Notwithstanding the 4Q/14 slump in BC pellet shipments to Asia, pellet exports from Western Canada will likely continue to flow steadily until new production capacity is added in late 2015. The potential for increased pellet exports to Japan and South Korea remains strong, though specific agreements have yet to materialize. Source: International Forest Industries, June/July 2015. For more information, visit the International Forest Industries website: 7

The Trading Post


he Trading Post is provided as a free marketing service for forestry industry. Only forestry-related advertisements will be accepted with the exception of products manufactured in the normal course of your business. Please submit written ads to the Timber Talk editor at least 15 days before scheduled Timber Talk publication­dates. Ads may be edite­d to meet space constraints.

For Sale

Walnut Lumber. All dimensions. $3.00 per board foot. Falls City, NE. Contact: Bruce Walker at 402-245-2031.

Sawmill. Sanborn Minimax band sawmill, new 80 hp Deutz motor with 232 hours, 36” log capacity, hydraulic-operated belt on/off table, hydraulic log cleaner, digital levels, new track system, straight angled pressure guides. Also includes 60 extra 6” blades, Armstrong filing room equipment, box of new grinding stones. $30,000. Contact George Hawley, Home 620-473-3468 or Cell 620-365-9744, email: [email protected].

Wanted Wood Residue. Slab wood, cutoff ’s sawdust, mulch, bales, etc. Lincoln, NE. Call Scott Hofeling at 402-432-0806 or e-mail [email protected]. Logs and Slabwood. Cottonwood, cedar and pine. 4” to 26” diameter and 90”-100” lengths. Below saw grade logs acceptable. Contact: American Wood Fibers, Clarks, NE at 800-662-5459; or email: Pat Krish at pkrish@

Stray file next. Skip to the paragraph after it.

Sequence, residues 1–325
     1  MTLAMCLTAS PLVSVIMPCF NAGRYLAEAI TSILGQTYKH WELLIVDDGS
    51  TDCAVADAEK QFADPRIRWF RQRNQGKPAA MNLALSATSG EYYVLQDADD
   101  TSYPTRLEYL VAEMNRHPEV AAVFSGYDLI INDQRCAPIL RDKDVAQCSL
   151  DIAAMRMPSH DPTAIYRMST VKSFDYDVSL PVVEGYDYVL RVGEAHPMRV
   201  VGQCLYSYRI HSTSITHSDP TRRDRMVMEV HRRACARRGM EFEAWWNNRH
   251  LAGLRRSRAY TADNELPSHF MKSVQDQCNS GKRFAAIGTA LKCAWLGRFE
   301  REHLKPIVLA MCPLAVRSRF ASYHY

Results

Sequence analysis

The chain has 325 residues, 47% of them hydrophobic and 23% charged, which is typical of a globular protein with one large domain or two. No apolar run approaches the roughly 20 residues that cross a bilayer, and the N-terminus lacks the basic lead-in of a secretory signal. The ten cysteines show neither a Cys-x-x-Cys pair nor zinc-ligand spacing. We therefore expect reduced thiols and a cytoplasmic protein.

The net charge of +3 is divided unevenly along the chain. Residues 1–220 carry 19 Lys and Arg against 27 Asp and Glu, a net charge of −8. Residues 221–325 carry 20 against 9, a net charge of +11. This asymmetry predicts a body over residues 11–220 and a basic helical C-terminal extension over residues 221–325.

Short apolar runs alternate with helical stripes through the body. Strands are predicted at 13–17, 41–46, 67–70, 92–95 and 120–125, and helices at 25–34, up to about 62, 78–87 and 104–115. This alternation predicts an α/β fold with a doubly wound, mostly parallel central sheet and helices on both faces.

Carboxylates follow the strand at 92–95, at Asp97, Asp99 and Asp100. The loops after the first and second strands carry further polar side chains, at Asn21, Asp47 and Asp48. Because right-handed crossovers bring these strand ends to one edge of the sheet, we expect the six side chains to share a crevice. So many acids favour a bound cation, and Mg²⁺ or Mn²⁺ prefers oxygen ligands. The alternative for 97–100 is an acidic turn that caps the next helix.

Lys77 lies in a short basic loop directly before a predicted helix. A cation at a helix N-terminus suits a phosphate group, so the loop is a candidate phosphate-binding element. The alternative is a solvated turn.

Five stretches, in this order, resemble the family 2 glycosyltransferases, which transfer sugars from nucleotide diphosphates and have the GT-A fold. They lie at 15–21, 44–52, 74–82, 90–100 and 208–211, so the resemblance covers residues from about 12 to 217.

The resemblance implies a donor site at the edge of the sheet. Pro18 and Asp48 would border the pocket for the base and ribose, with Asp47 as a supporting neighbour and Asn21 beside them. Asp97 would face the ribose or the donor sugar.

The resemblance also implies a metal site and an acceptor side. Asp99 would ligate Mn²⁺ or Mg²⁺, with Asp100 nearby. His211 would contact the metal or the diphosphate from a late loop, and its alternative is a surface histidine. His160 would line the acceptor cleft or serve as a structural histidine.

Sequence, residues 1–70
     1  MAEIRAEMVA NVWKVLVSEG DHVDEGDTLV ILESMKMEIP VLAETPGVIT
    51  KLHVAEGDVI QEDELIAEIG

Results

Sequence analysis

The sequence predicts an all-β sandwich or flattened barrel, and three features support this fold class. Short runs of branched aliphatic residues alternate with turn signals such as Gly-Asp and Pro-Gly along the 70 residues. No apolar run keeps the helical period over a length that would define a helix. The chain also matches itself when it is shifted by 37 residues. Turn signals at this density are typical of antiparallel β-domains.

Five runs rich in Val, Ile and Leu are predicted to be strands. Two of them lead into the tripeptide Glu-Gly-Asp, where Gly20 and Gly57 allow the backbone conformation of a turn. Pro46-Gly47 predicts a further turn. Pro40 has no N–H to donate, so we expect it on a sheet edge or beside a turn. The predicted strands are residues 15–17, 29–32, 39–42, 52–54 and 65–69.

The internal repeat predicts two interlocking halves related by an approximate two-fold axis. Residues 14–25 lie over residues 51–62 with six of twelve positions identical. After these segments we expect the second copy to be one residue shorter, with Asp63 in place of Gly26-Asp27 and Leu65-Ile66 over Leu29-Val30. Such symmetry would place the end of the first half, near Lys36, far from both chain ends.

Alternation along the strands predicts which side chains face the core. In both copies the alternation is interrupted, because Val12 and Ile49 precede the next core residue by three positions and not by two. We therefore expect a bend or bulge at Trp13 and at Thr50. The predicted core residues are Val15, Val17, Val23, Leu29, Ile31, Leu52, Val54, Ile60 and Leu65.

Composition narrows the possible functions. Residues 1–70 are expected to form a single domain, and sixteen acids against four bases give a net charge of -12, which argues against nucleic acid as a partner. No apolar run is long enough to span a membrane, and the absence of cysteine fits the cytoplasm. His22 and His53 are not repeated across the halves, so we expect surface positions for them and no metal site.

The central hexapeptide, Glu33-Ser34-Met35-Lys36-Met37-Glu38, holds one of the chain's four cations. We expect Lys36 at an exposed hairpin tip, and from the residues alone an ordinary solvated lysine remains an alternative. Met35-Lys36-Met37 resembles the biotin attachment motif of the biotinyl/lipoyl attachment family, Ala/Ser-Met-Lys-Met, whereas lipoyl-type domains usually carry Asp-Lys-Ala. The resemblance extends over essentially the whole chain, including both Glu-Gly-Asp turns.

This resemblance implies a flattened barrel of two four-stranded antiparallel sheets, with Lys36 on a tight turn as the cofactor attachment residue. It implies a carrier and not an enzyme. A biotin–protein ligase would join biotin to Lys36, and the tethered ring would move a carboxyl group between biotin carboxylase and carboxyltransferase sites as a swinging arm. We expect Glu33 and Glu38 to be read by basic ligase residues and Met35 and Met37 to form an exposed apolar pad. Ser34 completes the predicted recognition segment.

Sawmill. TimberKing portable sawmill, 34” x 20’ log capacity, 50+ extra blades (some new). $16,000. Contact: David Champlin. Phone: 785-275-2181.

Cottonwood Logs. Veneer-quality cottonwood logs, 16” to 36” diameter, 7’ and longer. Pick up service available. Contact: Barcel Mill & Lumber, Bellwood, NE 68624. Ask for Barton or Megan. Phone: 800-201-4780; email: [email protected].

Sawmill. Mighty Mite band sawmill. 20 horse electric motor, tandem axles with brakes on one axle, 36” x 24’ log capacity, (I have cut 46” beams) hydraulic operation includes winch, knees, taper, near arm, dogging arms, far arm, dogging spike, log loading arms, and electric clutch and blade lift. Also includes automatic blade sharpener, setting machine, 12 used blades and 4 new blades. Excellent condition. Never been used commercially. $17,500. Contact: Gary Fisher, Crawford, NE. Phone: 308-665-1580; email: [email protected].

Services and Miscellaneous Woodshop Services. Millwork made from your lumber on my planer/ molder. Chris Marlowe, Butte, NE 402-775-5000. Marlowepasture@